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After A.Q. Shipley's NFL Success, Michal Menet Has Clear Path To Follow

Penn State centers were chosen in seventh round 12 years apart

Michal Menet hopes to outplay his draft status, much like former Cardinal and Penn State center A.Q. Shipley
Michal Menet hopes to outplay his draft status, much like former Cardinal and Penn State center A.Q. Shipley

Penn State center Michal Menet lasted until the seventh round of the NFL draft on Saturday because of perceived athletic deficiencies.

An pre-draft write-up said the Cardinals' final draft pick had 'stubby arms' and 'heavy feet,' which sounds more like a Tyrannosaurus Rex than a football player.

In 2009, there were similar doubts about a Penn State center who went in the seventh round to the Steelers -- and Menet should study that player's journey closely, because A.Q. Shipley proved projections can be just that.

"Would I have loved to be a first-round pick? I mean, yeah,'" Shipley said on Wednesday from Tampa, where he has transitioned from player to an offensive assistant coach with the Buccaneers. "But looking back 12 years later on my journey, it was almost sweeter the way I had to carve it out. I think there were six centers drafted ahead of me, and I outlasted all of them but (Alex Mack)."

After bouncing around on practice squads for the first three years of his career, Shipley went on to start 72 career games, including all 16 for the Cardinals in 2016, 2017 and 2019. He was the starting center for the title-winning Bucs in 2020 before a November neck injury forced him into retirement.

Menet was in attendance when Shipley, then a member of the Cardinals, spoke to his alma mater prior to its Fiesta Bowl appearance in 2017.

"He told his story, what all he went through to get there in his career," Menet said. "I think it just goes to show that it really doesn't matter where you're drafted. It just matters what you bring to a team, what you bring to an organization, what you're willing to do every day to improve. That's been my main focus. Show up every day with the mentality of trying to get better."

As the rookies prepare to embark on their ever-important first offseason, Shipley said the mental part will be integral for Menet. Shipley said "it's hard not to read" all the pre-draft critiques, but that Menet should put that behind him now and focus on making a good early impression.

"My advice would be to study your ass off," Shipley said. "Anything that may be a shortcoming that was perceived, you can always overcome that by being smarter, studying the playbook and knowing it inside and out. If from now until training camp you grind away at the mental side of the game, you can overcome physical things."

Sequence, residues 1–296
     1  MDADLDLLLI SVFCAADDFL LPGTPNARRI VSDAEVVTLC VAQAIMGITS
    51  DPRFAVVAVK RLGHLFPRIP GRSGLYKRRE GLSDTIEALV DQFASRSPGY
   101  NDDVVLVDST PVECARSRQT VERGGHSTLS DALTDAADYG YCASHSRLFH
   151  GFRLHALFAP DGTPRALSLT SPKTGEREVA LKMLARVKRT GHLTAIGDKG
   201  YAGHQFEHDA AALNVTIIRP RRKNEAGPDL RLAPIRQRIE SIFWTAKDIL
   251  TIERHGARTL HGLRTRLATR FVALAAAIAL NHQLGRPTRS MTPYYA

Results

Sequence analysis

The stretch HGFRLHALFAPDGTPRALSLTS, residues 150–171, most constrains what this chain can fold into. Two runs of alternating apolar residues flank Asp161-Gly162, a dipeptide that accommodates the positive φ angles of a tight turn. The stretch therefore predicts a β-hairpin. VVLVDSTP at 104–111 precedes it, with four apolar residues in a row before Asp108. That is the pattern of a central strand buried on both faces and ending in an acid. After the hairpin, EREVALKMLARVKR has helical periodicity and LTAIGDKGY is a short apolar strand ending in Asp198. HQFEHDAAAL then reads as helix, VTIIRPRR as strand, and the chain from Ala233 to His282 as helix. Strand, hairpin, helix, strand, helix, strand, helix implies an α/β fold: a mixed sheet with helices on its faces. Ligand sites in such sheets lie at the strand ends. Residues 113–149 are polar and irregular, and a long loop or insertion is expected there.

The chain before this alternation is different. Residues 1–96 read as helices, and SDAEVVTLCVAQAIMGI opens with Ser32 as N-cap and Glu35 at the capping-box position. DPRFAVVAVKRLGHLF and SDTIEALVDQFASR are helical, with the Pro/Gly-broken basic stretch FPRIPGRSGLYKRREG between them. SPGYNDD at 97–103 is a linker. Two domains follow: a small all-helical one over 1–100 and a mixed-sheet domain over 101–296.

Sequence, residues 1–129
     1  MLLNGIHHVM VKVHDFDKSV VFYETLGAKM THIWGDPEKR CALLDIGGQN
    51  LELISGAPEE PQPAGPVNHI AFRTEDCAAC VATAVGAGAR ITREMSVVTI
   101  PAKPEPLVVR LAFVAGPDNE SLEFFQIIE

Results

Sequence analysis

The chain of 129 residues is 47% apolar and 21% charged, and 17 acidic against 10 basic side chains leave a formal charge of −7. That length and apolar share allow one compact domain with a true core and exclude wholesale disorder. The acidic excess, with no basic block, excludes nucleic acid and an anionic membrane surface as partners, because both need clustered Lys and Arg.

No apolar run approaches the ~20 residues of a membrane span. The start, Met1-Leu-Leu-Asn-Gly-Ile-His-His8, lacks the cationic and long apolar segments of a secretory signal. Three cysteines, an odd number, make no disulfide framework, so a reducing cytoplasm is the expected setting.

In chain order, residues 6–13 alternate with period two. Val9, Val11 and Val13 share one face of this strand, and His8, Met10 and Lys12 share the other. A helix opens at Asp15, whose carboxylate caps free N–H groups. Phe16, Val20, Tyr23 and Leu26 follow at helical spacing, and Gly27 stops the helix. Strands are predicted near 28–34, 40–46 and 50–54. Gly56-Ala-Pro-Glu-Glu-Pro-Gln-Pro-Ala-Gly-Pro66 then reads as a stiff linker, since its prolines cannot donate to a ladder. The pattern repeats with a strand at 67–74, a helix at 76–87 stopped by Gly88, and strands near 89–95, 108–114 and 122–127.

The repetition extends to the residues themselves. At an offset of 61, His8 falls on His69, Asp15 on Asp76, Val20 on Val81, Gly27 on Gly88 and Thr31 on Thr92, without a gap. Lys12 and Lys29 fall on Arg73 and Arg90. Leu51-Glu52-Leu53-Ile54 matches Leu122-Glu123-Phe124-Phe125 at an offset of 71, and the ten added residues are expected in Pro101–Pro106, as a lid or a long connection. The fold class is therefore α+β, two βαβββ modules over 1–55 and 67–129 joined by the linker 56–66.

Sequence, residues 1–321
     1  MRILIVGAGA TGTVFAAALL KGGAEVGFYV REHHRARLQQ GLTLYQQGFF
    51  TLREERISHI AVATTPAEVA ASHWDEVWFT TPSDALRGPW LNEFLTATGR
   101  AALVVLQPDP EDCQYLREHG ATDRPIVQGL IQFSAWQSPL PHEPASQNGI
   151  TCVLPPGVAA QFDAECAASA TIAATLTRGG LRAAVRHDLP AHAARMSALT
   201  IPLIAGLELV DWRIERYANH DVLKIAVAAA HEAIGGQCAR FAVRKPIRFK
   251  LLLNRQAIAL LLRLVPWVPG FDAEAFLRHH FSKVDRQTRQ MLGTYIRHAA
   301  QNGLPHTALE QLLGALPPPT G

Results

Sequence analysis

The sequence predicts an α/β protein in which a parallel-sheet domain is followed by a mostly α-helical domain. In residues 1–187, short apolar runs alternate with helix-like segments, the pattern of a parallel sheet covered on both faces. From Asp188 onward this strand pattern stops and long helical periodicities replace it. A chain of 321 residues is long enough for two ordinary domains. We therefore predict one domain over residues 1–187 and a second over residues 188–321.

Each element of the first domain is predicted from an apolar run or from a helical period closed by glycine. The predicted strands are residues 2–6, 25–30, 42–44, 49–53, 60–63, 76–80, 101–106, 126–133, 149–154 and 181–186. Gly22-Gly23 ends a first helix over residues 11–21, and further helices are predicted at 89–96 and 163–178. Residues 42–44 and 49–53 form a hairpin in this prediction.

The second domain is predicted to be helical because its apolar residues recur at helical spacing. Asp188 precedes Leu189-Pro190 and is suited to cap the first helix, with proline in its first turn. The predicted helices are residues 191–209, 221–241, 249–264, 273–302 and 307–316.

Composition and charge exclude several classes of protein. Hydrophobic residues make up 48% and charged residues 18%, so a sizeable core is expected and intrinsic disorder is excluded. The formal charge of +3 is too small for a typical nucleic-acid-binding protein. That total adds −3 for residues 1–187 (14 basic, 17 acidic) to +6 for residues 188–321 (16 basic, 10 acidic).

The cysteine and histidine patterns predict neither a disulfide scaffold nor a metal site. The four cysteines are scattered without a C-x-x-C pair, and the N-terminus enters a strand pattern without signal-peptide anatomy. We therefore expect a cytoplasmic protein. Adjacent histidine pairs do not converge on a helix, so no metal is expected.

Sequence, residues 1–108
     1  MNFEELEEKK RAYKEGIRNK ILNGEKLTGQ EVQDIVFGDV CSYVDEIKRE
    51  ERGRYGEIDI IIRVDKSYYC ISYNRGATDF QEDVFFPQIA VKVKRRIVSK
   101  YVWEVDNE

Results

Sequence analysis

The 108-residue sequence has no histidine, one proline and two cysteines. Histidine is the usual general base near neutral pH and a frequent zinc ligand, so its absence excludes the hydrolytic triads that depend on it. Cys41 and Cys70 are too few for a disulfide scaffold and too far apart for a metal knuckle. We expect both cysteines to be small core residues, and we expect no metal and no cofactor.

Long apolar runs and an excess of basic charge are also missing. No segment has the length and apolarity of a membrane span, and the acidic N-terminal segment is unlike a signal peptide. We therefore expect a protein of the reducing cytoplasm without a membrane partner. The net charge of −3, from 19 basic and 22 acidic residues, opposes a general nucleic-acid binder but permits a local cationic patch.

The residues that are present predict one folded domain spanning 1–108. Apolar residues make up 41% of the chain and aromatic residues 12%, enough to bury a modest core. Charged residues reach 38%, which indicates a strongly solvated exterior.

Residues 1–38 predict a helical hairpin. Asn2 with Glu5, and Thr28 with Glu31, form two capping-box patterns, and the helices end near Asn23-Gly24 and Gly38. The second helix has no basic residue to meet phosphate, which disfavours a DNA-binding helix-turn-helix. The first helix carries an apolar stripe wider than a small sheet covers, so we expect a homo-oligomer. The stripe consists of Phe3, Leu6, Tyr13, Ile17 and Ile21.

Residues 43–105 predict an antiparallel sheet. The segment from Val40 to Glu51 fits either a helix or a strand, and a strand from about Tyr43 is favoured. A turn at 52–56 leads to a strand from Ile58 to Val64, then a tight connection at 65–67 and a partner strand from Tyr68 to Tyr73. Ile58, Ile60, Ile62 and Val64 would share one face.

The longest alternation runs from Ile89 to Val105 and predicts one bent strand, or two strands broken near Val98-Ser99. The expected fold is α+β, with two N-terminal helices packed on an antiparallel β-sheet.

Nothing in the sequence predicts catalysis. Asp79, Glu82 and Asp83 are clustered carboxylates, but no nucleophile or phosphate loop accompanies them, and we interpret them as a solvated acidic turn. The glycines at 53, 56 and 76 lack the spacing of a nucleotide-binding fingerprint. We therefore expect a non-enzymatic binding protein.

Menet was a three-year starter and two-time captain with the Nittany Lions. General Manager Steve Keim said the intangibles a player brings can sometimes cover up any limitations.

"When you get to the sixth, seventh round, we know that there are sometimes holes in players athletically, skillset-wise," Keim said. "Maybe they're not developed. There's a reason why they're generally there. They maybe don't have the size or the requirements for that position.

"We looked at the big picture and said, 'This guy has all the qualities you look for in terms of leadership, smarts, instincts, passion for the game.' And then he's got quickness. He's got intangibles. So, those are the things we really felt strong about and why we selected him in that position."

Menet will need to battle to make the 53-man roster this offseason. The Cardinals just traded for Pro Bowl center Rodney Hudson, and have Lamont Gaillard and Max Garcia as other options at center. Menet has been told by the Cardinals versatility is important and he'll need to learn the guard position as well, but Justin Pugh, Brian Winters and Justin Murray sit atop the depth chart there, with Gaillard and Garcia also capable at the position.

He's already been welcomed to the offensive line via group chat, with some niceties and some traditional rookie responsibilities.

"Guys are sending me some snack orders that I'll (have to) get when I get out to Arizona," Menet said with a smile.

Menet hopes to one day be on the other side of things – a grizzled vet making requests to rookies like the shift Shipley made.

"Early on, people said I wouldn't be able to last," Shipley said. "I just chose to ignore, prove wrong and just keep fighting, and 12 years later, there I was."

As a fellow Nittany Lion, Shipley will be rooting for Menet to do the same.

"He's got a lot of people at his back," Shipley said. "It's a great university with a heck of a fanbase. He'll have strong support across the country. Enjoy it, and get to work."

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